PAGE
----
Public education starves,
while private schools stuff themselves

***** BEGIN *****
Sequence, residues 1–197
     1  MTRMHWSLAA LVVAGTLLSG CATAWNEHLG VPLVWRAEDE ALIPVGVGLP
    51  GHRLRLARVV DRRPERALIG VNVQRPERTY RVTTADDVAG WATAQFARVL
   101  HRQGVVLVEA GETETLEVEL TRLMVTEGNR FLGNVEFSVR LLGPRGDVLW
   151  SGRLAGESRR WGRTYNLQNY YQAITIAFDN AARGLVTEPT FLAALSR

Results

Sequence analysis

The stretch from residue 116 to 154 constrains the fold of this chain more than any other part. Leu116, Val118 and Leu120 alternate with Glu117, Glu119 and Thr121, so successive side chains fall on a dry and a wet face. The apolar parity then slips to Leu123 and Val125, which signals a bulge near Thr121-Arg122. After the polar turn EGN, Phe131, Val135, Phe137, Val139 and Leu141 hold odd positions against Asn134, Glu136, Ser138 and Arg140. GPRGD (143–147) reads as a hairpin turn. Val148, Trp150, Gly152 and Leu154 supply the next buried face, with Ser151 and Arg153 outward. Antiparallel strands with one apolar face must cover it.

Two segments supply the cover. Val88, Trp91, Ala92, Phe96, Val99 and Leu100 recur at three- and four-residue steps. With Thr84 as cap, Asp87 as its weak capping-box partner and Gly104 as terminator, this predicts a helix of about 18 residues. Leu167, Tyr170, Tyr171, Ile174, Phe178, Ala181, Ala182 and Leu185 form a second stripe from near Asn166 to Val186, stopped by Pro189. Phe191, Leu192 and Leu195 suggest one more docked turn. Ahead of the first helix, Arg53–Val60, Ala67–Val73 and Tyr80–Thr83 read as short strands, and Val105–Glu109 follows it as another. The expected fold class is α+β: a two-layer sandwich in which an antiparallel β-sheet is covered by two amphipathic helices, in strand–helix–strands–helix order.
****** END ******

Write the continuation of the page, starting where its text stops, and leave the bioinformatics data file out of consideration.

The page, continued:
The Federal Treasurer hardly mentioned education in delivering his federal budget speech. Yet education is shaping up as an issue of crisis proportions working people. The Howard Government's practice of massive increases for private schools, and little or peanuts for public education, is exacerbated in this budget. Federal Government funding for private schools will reach $4 billion next year, and $5 billion in 2005-06. Over the same period funding to state schools will increase at less than half the rate to reach only $2.55 billion. In money terms, the percentage increase in funding for public schools equates to an increase of some $15 per public school student, compared to an average increase of approximately $298 per private student. Next year, for the first time in our history, government funding to private schools will exceed funding to public universities. Last year the Australian Council of State School Organisations (ACOSSO) responded to the federal Minister for Education's request for suggestions as to which program for public schools would have the greatest effect in introducing equity in education. ACOSSO immediately proposed a program to assist children where no member of the family was employed. About one third of students in 25 per cent of schools fall into this category. ACOSSO president, Rodney Molesworth, commented: "A program such as this would take several years to reach its full capacity, and would then consume, at most, $50 million a year. This figure is less than a sixth of this year's increase to public schools. It would pay massive dividends to governments and communities in savings in remediation, behavioural problems, health care and crime prevention." However, as Mr Molesworth pointed out, there is not a mention of such an initiative in this year's federal budget. The Government has offered employers handouts as an incentive to take on apprentices. However, the offer has been restricted to cases involving those seeking a career in information technology. The grants will also be provided to employers only, not to apprentices. The budget makes no provision for second year apprentices or tertiary education students who have to live away from home because of geographic isolation. Tertiary education rates for students from rural and remote locations have decreased since 1991. There has been no increase in the budget allocation for the federally-funded Country Areas Program for country schools. Extra funding for post-graduate research is to be provided to four universities or colleges. Consistent with the Government's other handouts to the private sector, these are all private institutions, i.e. the Bond University, The Melbourne College of Divinity, the Christian Heritage College and the Tabor College. The budget's allocation for public universities will ensure that they continue their slide toward corporate takeover (backdoor privatisation) or bankruptcy. Over the last ten years there has been an average increase in student-to- staff ratios from 12:1 to 19.1, and a 40 percent increase in the total number of students enrolled. Funding per student has actually decreased in real terms. This is amply demonstrated in the current budget allocation, which provides a 5.8 percent increase in university funding. University vice-chancellors have described this as inadequate to keep up with rising costs and wages. Funding for State and Territory industry training advisory bodies is to be phased out. As long as the Howard Government remains in office, the outlook for public education looks increasingly bleak.